Anne Marie Moro,
“I’ve been on a constant diet
for the last two decades. I’ve
lost a total of 789 pounds. By all
accounts, I should be hanging
from a charm bracelet"
—Erma Bombeck, Author
Food, glorious food! So many choices and so many ways we can choose to eat! We obsess about ingredients, carbohydrates, sugar content and preservatives for sure; but, in the end, are we more concerned about its impact on our weight than we are about how we are eating or how what we eat is affecting our planet? Current trends certainly suggest that we are. Researchers from the University of Guelph looked at key food issues they believe will continue to dominate food choices and food production in 2018 and beyond.1 I’ve included a few of their findings here:
1. Increasing Choice and Micro-Markets – Consumers have access to more choices for food, including micro-markets niche products. There are also more places where you can buy food. (Maybe the time has come to ask: How much choice do we really want? How is convenience affecting the quality of food we can buy?)
2. The Rise of Alternate Proteins – Neilsons reports that 43% of Canadians say they are trying to include more plant-based proteins in their diets, reducing meat consumption or not eating meat at all. In the past 10 years, red meat consumption has dropped 25%. (Healthy trend. A nonvegetarian diet uses 2.9 times more
water, 2.5 times more primary energy, 13 times more fertilizer, and 1.4 times more pesticides than the vegetarian diet.)
3. Antibiotic Use in Meat Production – Antibiotic use is decreasing, but agriculturalists and farmers believe the complete removal of antibiotics from livestock production could affect animal health and welfare. (How to balance human health needs, consumer preferences and animal health needs is the on-going challenge.)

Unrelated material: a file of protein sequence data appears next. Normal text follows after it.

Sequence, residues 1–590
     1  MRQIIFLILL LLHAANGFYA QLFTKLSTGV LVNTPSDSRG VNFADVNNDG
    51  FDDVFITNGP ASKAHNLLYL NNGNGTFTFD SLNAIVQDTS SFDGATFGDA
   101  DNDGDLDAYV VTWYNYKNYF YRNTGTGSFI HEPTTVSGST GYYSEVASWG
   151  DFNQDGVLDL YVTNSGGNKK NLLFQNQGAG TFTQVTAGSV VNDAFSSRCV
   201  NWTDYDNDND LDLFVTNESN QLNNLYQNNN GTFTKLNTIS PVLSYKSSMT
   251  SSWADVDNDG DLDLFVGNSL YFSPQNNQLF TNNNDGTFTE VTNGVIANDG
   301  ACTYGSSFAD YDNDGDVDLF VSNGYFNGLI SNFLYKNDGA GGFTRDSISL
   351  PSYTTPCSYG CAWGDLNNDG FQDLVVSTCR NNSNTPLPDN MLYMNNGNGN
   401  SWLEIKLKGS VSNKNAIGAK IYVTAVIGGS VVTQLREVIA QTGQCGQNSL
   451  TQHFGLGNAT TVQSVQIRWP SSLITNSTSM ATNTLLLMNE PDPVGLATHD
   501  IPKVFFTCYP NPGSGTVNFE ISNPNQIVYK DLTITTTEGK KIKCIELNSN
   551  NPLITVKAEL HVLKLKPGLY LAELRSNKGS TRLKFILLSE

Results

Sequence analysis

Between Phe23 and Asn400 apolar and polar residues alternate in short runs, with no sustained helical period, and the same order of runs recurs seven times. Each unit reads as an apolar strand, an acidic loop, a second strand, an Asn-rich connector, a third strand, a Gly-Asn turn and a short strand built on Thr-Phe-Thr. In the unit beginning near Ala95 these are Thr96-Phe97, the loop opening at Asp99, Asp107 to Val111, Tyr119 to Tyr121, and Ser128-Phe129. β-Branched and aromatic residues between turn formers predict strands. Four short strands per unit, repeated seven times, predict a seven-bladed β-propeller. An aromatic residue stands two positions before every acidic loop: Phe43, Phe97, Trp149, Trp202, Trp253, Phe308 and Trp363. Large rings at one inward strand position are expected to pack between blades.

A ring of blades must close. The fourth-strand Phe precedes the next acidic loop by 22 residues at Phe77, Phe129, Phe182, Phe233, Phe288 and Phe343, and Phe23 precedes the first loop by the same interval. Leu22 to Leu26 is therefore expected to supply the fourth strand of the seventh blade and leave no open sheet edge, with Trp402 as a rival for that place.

4. Restaurants Matter More – Canadians are spending more of their food dollars outside of the home. In fact, we currently spend roughly $80 billion dollars a year eating out. This is increasing faster than what we actually spend in grocery stores. Food delivery services and processed meal packages are blurring the line between restaurants and grocery stores, too. (Food for Thought: While restaurants are incorporating more healthy eating selections into their menus, what selections are you actually choosing?)
Whatever the trends are, eating healthy and sustainably remains challenging; but, it’s also doable when we choose diets with more fruits and vegetables, plant-based protein and reduce waste. We already live in a neighbourhood here on the West Shore that is blessed with an abundance of local markets and fresh food enterprises. Look for a local market listing in your area in our Community Events pages and delightful ways to source and prepare produce in this month’s issue. And remember, good food is always better when shared with good friends!